These  results  and  perspectives  are  of  central meaning for the understanding of cognitive learning and coaching processes. A disadvantage of traditional procedures in mental training (imagery) is that they try to optimize the performance through repeated  imagination  of  the  movement  without taking  the  athlete’s  mental  knowledge  representation  into  account  (i.e.,  they  are  representation blind). Problems arise if the movement’s cognitive reference  structure  has  structural  gaps  or  errors, as  these  will  tend  to  be  stabilized  rather  than overcome  by  repeated  practice.  The  alternative approach  is  to  measure  the  mental  representation of the movement before mental training and then integrate these results into the training. This mental training based on mental representations has now been  applied  successfully  for  several  years  in  professional sports such as golf, volleyball, gymnastics, and windsurfing and recently in the rehabilitation of hand functions in patients after stroke.

References:

  1. Adams, J. A. (1971). A closed-loop theory of motor learning. Journal of Motor Behavior, 3, 111–150.
  2. Anderson, J. R. (1976). Language, memory, and thought.Mahwah, NJ: Lawrence Erlbaum.
  3. Arbib, M., Conklin, E., & Hill, J. (1987). From schema theory to language. New York: Oxford University Press.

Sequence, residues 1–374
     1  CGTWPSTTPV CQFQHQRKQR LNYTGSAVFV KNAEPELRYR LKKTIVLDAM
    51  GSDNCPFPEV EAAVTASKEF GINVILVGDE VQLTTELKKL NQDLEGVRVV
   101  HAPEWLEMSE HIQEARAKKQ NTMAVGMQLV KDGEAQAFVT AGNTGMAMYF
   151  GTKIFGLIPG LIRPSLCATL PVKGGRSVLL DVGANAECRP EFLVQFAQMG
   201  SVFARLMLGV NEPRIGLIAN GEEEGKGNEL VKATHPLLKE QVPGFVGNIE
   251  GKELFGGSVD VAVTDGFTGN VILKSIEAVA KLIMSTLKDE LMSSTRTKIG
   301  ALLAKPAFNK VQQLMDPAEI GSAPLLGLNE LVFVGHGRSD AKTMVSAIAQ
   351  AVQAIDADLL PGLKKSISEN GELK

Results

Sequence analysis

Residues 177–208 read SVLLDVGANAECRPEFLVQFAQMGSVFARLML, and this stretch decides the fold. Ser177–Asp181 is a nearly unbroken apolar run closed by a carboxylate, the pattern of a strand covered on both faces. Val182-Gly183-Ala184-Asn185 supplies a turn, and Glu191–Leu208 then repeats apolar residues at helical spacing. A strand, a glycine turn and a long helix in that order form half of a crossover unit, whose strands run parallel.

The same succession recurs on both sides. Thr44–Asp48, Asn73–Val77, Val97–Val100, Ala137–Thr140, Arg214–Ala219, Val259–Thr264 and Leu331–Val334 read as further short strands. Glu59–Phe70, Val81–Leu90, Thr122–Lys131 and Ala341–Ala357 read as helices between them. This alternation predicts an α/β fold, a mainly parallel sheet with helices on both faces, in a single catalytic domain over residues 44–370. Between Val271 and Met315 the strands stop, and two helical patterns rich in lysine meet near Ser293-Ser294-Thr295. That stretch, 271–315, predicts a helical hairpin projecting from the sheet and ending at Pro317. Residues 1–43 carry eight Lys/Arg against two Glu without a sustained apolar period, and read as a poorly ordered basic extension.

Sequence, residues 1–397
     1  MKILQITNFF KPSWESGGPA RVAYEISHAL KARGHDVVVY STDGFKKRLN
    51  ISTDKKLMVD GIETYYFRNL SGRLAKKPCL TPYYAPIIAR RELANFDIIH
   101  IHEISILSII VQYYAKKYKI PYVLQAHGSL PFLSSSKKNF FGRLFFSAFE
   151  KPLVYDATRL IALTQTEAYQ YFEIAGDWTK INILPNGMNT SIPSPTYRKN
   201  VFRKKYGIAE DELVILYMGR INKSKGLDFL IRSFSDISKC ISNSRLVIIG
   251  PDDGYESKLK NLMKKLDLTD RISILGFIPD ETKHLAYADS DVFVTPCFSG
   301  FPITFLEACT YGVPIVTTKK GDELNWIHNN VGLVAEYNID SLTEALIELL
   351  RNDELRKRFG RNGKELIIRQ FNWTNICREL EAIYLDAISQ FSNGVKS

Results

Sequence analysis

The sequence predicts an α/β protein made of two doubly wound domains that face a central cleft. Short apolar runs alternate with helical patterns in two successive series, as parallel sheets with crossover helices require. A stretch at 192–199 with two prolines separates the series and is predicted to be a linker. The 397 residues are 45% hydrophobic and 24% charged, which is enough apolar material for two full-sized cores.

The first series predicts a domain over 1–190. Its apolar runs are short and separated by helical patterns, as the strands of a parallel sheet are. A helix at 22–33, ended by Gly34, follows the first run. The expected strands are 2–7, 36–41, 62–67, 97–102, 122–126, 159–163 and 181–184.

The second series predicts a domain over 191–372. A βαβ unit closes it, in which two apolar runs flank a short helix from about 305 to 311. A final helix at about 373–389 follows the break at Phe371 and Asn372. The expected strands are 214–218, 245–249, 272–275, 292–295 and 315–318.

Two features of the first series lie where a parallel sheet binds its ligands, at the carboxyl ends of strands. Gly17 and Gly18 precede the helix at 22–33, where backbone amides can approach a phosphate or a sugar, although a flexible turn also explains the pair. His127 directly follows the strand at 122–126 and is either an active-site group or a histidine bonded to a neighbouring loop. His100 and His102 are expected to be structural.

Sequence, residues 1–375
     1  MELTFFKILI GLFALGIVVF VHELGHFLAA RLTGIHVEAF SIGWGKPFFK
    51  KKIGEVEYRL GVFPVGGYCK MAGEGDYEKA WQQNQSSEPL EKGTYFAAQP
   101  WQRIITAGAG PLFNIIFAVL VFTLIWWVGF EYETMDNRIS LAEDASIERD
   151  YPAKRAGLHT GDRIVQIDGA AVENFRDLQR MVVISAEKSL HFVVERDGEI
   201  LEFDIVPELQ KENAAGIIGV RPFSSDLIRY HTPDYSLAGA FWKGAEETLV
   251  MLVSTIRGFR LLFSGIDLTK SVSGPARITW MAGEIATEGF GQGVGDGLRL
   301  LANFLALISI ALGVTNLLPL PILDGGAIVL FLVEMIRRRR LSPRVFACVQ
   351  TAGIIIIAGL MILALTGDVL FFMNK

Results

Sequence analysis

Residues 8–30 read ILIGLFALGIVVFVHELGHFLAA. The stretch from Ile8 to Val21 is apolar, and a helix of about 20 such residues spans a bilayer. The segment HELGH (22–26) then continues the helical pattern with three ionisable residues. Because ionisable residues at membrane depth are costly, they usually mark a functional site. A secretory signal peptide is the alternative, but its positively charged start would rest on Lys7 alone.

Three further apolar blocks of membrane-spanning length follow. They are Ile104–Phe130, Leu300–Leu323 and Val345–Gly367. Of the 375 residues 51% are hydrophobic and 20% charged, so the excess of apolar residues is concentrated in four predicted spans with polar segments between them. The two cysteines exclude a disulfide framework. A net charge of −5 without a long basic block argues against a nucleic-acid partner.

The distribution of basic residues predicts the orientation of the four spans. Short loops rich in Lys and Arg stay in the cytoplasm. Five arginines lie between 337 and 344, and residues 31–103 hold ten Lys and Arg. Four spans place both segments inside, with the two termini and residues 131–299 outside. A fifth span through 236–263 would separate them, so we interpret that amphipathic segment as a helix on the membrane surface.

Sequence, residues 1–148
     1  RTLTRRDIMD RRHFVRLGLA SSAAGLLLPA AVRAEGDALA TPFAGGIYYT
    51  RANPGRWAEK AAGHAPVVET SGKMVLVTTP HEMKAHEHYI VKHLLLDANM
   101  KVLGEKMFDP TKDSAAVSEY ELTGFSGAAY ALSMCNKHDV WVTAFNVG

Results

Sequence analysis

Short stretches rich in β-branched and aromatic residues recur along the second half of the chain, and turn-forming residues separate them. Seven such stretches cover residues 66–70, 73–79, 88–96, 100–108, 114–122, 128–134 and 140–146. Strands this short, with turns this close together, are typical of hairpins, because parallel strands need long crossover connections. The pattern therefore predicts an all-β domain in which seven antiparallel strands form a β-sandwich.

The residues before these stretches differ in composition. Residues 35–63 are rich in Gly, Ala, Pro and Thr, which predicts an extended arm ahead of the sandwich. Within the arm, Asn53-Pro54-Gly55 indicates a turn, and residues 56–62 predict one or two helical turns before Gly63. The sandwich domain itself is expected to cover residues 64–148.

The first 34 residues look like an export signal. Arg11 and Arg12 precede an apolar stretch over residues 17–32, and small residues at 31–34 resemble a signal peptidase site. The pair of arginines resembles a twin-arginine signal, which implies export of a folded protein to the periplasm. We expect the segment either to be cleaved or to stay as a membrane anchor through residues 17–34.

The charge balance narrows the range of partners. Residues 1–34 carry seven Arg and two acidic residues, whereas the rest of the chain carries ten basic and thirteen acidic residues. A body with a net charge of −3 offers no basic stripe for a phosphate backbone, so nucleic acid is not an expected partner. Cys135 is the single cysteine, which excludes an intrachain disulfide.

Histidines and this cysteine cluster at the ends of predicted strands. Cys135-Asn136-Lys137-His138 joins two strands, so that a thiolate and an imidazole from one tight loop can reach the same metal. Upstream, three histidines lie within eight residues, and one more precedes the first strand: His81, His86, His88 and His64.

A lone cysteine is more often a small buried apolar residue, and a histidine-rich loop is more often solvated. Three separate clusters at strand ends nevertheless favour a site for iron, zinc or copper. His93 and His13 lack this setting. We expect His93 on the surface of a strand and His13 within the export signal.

4. French, K. E., & Thomas, J. R. (1987). The relation of knowledge development to children’s basketball performance. Journal of Sport Psychology, 9, 15–32
  5. Koch, I., Keller, P., & Prinz, W. (2004). The ideomotor approach to action control: Implications for skilled performance. International Journal of Sport and Exercise, 2, 362–375.
  6. Rosenbaum, D. A., Meulenbroek, R. G., Vaughan, J., & Jansen, C. (2001). Posture-based motion planning: Applications to grasping. Psychological Review, 108,709–734.
  7. Schack, T., & Hackfort, D. (2007). An action theory approach to applied sport psychology. In G. Tenenbaum & R. C. Eklund (Eds.), Handbook of sport psychology (3rd ed., pp. 332–351). Hoboken, NJ: Wiley.
  8. Schack, T., & Mechsner, F. (2006). Representation of motor skills in human long-term-memory. Neuroscience Letters, 391, 77–81.
  9. Schmidt, R. A. (1975). A schema theory of discrete motor skill learning. Psychological Review, 82,225–260.
  10. Zacks, J. M., Kumar, S., Abrams, R. A., & Mehta, R. (2009). Using movement and intentions to understand human activity. Cognition, 112, 201–216.